Writing is like that sometimes—you have to dig deep and go places you’d sometimes rather not. But, out comes, I hope, a good book—a story that will touch lives and speak truth. Emily Dickinson said, “Tell the truth, but tell it slant.” The story is the “slant”. I love being a writer. I also love being an editor. God made me two ways—a writer and a teacher. Yay God! I love both.
Joyce Magnin on Writing
Writing is hard. It’s solitary. There’s no one standing behind you saying, “Atta girl.” Most likely all your mental illnesses are gathered around spewing not so encouraging words. Writing is so deeply personal, it makes us vulnerable to all manner of emotional beasties. Whatever your chosen category or genre, writing makes you vulnerable. It makes you question your very existence at times. It can be embarrassing, and it can be the most incredible journey you will ever take. If you have the chops!
After publishing twelve novels and ghostwriting five or six others I think I can say I have the chops. Well I think I do. You see, even after all my publishing success I still approach each new project with the same trepidation, the same sense of impending failure and for the most part I completely forget how to write.
Writing is hard. That’s why you should never go into that dark night of the soul alone. And that’s why I love to teach and to mentor. Writers need someone along for the ride who understands—most spouses do not. Most kids do not and besides you can’t always trust them to tell the truth or know what’s publishable. You can trust me. I have seen my students go on to publication. They’ve improved and gotten excited about their work. They’ve entered and won contests and grown in ways they weren’t expecting. I absolutely love it when a student succeeds.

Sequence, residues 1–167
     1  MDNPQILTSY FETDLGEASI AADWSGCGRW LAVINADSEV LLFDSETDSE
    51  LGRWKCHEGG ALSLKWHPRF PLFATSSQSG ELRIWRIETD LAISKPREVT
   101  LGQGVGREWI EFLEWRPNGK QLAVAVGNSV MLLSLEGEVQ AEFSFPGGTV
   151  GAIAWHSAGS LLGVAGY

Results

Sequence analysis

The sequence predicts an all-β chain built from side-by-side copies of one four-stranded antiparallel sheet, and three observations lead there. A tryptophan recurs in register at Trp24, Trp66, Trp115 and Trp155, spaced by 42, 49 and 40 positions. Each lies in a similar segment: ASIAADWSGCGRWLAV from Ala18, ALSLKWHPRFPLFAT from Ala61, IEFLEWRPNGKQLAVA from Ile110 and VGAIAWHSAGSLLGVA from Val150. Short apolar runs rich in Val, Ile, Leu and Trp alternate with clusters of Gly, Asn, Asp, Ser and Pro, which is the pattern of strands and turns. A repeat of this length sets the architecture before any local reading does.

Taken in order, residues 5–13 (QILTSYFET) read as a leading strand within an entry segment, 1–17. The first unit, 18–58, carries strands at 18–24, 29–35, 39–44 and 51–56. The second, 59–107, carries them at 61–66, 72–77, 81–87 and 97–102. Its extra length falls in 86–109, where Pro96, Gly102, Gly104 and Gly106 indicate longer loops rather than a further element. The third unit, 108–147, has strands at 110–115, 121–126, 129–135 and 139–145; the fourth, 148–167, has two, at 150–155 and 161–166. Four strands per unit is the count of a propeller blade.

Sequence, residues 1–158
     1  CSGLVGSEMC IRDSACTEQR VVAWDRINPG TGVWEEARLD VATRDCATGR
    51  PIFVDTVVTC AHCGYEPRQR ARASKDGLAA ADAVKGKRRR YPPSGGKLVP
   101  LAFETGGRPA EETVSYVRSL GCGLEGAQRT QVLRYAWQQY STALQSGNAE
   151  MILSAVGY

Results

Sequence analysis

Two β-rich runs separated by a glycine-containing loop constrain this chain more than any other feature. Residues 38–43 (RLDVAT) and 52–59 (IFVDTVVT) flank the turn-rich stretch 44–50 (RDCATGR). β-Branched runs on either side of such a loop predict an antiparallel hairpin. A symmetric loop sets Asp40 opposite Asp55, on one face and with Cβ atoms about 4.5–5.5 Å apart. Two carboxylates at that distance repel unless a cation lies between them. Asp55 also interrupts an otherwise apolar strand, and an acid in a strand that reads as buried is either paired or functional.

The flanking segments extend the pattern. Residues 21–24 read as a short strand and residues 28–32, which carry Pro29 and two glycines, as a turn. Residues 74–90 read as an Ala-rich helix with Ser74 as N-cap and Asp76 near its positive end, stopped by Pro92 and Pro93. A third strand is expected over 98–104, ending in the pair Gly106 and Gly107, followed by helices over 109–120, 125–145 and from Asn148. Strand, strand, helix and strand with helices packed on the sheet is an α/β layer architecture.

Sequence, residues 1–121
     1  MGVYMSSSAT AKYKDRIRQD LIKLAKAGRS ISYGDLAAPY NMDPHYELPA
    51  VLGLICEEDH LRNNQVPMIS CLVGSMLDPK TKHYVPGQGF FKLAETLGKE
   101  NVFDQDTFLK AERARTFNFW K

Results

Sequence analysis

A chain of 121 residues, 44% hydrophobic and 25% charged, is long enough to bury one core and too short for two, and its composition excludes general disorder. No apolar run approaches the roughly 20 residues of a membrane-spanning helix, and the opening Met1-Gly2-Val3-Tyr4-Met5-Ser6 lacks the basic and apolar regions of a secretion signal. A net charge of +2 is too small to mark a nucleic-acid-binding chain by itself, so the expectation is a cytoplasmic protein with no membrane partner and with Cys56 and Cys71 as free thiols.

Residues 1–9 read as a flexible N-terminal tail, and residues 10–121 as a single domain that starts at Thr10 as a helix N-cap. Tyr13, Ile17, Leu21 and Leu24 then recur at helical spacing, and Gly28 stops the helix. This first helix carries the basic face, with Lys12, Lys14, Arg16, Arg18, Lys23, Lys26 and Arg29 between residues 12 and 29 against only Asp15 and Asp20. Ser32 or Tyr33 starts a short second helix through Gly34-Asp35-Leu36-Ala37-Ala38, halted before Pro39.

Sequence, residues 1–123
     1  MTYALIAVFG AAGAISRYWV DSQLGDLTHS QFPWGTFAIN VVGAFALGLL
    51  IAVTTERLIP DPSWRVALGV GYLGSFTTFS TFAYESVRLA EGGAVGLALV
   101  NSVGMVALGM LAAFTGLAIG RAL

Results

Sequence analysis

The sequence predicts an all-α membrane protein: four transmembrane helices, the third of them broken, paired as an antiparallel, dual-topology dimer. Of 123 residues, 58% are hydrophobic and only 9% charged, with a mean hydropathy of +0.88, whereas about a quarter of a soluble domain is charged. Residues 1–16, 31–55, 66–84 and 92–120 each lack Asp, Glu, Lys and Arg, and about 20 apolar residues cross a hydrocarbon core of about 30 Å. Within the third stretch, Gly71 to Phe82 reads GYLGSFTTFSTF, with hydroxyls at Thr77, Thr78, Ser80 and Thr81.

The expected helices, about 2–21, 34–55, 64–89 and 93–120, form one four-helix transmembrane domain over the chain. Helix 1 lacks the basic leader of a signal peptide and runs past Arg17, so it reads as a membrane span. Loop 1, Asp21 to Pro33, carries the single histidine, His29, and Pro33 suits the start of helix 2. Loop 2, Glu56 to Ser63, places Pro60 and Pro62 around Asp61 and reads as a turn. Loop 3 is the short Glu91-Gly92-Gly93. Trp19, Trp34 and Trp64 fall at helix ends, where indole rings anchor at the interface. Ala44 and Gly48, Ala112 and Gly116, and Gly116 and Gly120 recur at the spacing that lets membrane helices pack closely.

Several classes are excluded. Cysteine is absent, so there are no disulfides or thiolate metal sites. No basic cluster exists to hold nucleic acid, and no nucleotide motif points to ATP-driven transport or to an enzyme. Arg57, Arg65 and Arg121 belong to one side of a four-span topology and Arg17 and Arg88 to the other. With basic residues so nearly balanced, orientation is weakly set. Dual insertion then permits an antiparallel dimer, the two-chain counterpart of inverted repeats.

Joyce Magnin: teacher and mentor
So, if you’re writing a book or a story and you think you could use a little guidance from a good teacher and a good writer (took me a long time to admit that) and a truly gentle soul then I might just be the mentor for you. I have openings right now I’d love to fill. So please get in touch.
I like to think of myself as that onion, inspiring others, watching new baby books drop one after the other into the rich soil of marketing and blogging and bookstores. I always consider it an honor to have joined so many writers on their journey. Mom is, I’m sure, proud of me—for the writing—not so much for nearly killing her onion.
A Final Word from Linda
Hi again, everyone.
Was I right or what? Joyce Magnin is just plain likable, someone you want to get to know.
Visit Joyce at joycemagnin.com.
Find her books at https://amzn.to/2BxuzHg.
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Lord, You take our breath away. First You give us life. Then You give us gifts. All before we’ve taken a single breath. As we look forward to this season of gift giving, we pause to reflect on the gifts of reading and writing. What joy You’ve wrapped into those gifts. Thank you. Bless us in our reading and writing. And give an extra measure of Your grace to Joyce Magnin as she writes, mentors, teaches, and edits with grace that can come only from You.
~ For Jesus’ sake